Something is terribly broken in our city and state when a public menace like David Williams can’t be fired.
Lord knows, the BPD has tried to get rid of him — not once, but twice.
The first time was back in 1998, after he was fired for his role in the brutal beating of undercover police officer Michael Cox, a black man mistaken for a shooting suspect by his fellow officers, who then tried to cover up their crime. Cox won a $1.3 million settlement in that case. No police officer was charged for the beating, though three, including Williams, were fired because of it.
But an arbitrator decided in 2005 that Williams had been unfairly terminated — that though he had lied in his account of that night, there was not enough evidence of wrongdoing — and he got his job back, along with $550,000 in back pay. He was back on the street, armed with his weapon and full police powers. What could go wrong?
In 2009, Williams was accused of brutality again — this time after he put off-duty correction officer Michael O’Brien in a choke hold on a North End street after a traffic altercation. Even though the department knew Williams’s history, it barely investigated when O’Brien complained. Not until O’Brien filed a federal lawsuit in 2010 did the department properly examine the incident.
The BPD finally terminated Williams — again — in 2012. The city settled the federal suit, paying O’Brien $1.4 million.
But guess what? Williams appealed his dismissal, and an arbitrator reinstated him again, finding that his use of force had been reasonable.
Arbitrators often find for police officers: Last year, WCVB-TV reported that they had reversed 72 percent of firings and suspensions that had come before them since 2007.
The city appealed, first to the Superior Court, which upheld the reinstatement, then to the Supreme Judicial Court. On Wednesday, the state’s highest court also ruled Williams should be reinstated. Reading the decision, written by Judge Geraldine Hines, it’s clear the court was not thrilled about it. Williams’s actions in the circumstances could “without doubt” be considered excessive force — especially given “the unpredictably lethal nature of chokeholds,” the decision says.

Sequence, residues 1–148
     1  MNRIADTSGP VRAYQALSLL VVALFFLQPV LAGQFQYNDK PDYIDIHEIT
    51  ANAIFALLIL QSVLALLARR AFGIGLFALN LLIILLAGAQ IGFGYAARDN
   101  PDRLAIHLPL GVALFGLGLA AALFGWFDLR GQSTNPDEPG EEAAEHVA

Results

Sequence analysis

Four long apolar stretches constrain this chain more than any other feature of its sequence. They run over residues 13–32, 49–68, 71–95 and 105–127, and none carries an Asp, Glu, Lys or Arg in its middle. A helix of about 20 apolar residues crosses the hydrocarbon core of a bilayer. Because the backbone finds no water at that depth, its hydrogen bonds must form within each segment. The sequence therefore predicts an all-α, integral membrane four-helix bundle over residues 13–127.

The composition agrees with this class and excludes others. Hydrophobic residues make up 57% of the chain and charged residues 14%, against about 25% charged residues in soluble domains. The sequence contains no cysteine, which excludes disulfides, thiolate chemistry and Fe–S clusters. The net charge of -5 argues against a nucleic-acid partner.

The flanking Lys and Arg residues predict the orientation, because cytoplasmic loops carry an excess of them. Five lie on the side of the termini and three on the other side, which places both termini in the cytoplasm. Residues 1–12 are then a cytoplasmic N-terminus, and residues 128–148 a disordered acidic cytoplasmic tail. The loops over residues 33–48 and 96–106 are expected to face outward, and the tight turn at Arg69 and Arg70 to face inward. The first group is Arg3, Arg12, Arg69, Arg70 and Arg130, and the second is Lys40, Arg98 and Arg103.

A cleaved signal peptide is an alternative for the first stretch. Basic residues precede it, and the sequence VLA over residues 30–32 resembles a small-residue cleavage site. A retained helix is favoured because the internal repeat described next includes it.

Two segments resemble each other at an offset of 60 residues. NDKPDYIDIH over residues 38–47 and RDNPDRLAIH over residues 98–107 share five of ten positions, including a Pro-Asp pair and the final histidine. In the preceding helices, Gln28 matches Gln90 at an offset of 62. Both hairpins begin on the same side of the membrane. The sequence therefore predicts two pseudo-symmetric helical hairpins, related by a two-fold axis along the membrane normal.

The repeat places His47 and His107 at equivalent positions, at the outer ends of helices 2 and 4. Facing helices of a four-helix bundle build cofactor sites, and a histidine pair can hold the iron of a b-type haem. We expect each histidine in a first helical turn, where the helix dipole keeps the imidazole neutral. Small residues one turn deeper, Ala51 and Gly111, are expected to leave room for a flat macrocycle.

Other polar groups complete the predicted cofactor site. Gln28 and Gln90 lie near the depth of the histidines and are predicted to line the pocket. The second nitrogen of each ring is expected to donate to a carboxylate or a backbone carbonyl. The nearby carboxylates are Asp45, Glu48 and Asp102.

But the court’s hands are tied, Hines wrote, because the police department has not prohibited choke holds specifically. That makes the question of excessive force a matter of subjective interpretation, and the court felt it had to defer to the arbitrator on that.
Not that the justices were insensitive to the absurdity of it all. “We are troubled by the prospect that any use of force not explicitly prohibited by a rule of conduct is essentially unreviewable,” the judge wrote.
It’s long past time we fixed this. For starters, the BPD must do a better job of jumping on public complaints than it did here, especially those against problem officers.
It’s also time to take the question of excessive force out of the realm of opinion by coming up with what the judge called a “bright-line rule,” prohibiting choke holds.
Lastly, the city needs to do a better job of hiring than it did with Williams, who, according to the federal lawsuit, was suspended from his previous job as an MBTA police officer for giving a false report on his whereabouts. Legions of good men and women are clamoring to join the BPD. The department can afford to be very picky.
Now Williams gets back his job, complete with back pay his attorney says could top $1 million. The best case scenario: The BPD finds a way — and it will likely be an expensive one — to persuade him to leave the department.
This one police officer has cost the city so much — even more than the millions in back pay, and taxpayer-funded settlements.
Officers like Williams corrode the public trust police officers need to do their jobs. And that makes us all less safe.